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Back in 1981 my mother and I went to a production of "Measure for Measure" at the Berkeley Repertory Theater, in Berkeley, California. My high school Biology teacher, Raleigh Ellison, was in the audience, the man who inspired me to join the Sierra Club as a freshman and to carry out, on my own, and using a (humane) home-made collection device, a week-long insect-population study in a meadow ravine near the school. If I hadn't before, I came to love dragonflies and mayflies. In 1981 I was at home after six years of post-graduate study to write up my MA. I was suffused with Georges Dumezil, Theater, and Indo-European Studies, and at the end of the performance, between the joy in seeing Mr. Ellison and in the elation created by the Berkeley Rep production, I overflowed: 'Shakespeare channelled an aeon of Indo-European concepts of right and power; of the nature of the ruler in synch with and performing the right order; their symbiosis...'.  And there was more - connections more richly detailed, with myth, language and material culture throughout the Indo-European worlds, than I could express then, and have no hope now, outside that ecstasy of academic immersion: Shakespeare - I was illuminated by the play and by my immersion in another scholarly world - was a native Indo-European Speaker,  a conveying vessel, a transparent articulation of thousands of years of a fully thought-out and canonised philosophy on the nature of change, Order, the ruler's right behaviour, the way that wealth and bounty flow naturally from the king's right behaviour, and so on; and the antithesis, or anthitheses.

vrtrahan3So last year, when a Facebook Friend shared a link to an article in "HowlRound Theatre Commons" about All Change at Berkeley Repertory Theater,  I dove in. All around me, the organisation I had been part of for 30 years was in the final stages of its own immense change. It had come to the point of transferring its property, including the award-winning Archive and Study Centre and its collections, to a related charity, and was moving to wind up, after 53 years. How did a fellow beacon institution, one so cemented in my affections, go about its own process of radical change?

The answer was: A Masterclass, laid out in a two-part interview with Berkeley Rep's Managing Director, Susan Medak:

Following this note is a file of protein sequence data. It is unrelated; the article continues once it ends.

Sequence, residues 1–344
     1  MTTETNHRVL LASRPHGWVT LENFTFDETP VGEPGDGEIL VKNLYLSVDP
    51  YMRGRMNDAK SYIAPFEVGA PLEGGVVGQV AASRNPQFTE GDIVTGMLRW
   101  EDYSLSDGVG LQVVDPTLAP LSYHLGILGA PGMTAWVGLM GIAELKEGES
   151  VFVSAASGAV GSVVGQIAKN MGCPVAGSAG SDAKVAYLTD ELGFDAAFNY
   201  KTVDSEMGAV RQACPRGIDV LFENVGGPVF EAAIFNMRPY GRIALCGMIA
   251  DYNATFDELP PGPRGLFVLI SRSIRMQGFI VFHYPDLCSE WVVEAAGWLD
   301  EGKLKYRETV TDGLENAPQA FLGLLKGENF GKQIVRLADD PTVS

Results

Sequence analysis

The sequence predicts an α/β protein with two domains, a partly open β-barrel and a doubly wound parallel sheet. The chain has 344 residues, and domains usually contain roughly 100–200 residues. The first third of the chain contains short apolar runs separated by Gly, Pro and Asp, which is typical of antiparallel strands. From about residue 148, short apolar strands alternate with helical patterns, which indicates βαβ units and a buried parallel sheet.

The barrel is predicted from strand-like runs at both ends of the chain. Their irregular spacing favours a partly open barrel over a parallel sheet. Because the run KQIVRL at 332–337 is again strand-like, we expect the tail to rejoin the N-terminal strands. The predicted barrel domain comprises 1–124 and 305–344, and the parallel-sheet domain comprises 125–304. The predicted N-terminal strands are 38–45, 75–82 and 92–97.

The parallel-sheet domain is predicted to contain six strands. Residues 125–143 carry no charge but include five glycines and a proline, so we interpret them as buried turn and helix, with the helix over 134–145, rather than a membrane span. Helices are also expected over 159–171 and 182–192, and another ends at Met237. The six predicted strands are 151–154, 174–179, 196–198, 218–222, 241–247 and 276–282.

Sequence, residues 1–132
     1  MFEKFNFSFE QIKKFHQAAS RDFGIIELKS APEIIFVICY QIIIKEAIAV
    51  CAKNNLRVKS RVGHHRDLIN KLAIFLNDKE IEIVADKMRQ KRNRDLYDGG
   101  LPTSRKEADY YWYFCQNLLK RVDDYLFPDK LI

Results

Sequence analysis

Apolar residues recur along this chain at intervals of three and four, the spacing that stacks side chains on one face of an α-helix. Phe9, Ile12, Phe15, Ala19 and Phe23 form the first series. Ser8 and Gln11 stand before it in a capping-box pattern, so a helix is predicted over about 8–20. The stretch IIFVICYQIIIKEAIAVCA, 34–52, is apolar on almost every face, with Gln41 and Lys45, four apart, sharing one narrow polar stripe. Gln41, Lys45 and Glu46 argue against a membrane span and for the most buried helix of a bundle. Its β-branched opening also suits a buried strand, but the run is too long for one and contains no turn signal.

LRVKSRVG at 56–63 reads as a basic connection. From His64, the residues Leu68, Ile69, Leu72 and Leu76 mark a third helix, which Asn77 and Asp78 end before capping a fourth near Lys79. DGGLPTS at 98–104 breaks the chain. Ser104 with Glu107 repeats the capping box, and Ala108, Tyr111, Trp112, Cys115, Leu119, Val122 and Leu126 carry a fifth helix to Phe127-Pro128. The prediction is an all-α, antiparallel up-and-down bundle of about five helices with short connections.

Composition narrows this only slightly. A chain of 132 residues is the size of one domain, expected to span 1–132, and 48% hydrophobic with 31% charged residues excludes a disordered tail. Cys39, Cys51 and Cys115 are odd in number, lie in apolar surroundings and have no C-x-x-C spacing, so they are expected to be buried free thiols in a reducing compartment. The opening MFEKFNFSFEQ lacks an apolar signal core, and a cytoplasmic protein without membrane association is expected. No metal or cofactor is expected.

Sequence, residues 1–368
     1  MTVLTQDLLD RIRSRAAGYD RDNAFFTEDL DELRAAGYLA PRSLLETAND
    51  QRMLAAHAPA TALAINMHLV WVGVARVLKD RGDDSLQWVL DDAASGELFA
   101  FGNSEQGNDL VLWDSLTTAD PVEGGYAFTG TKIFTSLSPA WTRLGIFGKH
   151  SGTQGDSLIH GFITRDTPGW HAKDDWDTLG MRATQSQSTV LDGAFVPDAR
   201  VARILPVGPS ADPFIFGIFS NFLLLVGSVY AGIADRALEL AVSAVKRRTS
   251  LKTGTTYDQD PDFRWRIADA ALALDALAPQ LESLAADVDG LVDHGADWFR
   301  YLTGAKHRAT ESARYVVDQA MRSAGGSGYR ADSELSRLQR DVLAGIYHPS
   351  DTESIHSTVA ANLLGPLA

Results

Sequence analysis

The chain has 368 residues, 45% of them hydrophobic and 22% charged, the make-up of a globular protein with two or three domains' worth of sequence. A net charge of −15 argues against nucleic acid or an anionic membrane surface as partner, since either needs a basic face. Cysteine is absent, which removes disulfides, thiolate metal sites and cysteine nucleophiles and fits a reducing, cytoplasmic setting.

Part 1. 'How To Prep A Board For An Organizational Pivot. Rob Orchard and Susan Medak in Conversation.'

and

Part 2. 'How To Prep A Staff For An Organizational Pivot. Rob Orchard and Susan Medak in Conversation'.

 

It was a process of thoughtful learning, communication, and consultation worthy of therapeutic community at its best, with caveats; and better than most. Very much worth reading. Very much worth studying.

My caveat? The staff team was not seated at the table.


HowlRound Theatre Commons

By way of explanation: The HowlRound Theatre Commons "is a free and open platform for theatremakers worldwide that amplifies progressive, disruptive ideas about the art form and facilitates connection between diverse practitioners." Its Vision is "to democratize the arts by effectively modeling the transformative power of commons based practice." According to its About Us page,

 

"We value:

          • Generosity and abundance—all are welcome and necessary
          • Community and collaboration over isolation and competition
          • Diverse aesthetics and the evolution of forms of theatre practice
          • Equity, inclusivity, and accessibility for underrepresented theatre communities and practices
          • Global citizenship—local communities intersecting with global practice"

 

This is virtually a statement of much of therapeutic community principles and practice. It is certainly a statement of the principles and practice embodied in the Archive and Study Centre. And it also expresses much of the philosophy of dancing good at the heart of well-performed Indo-European kingship.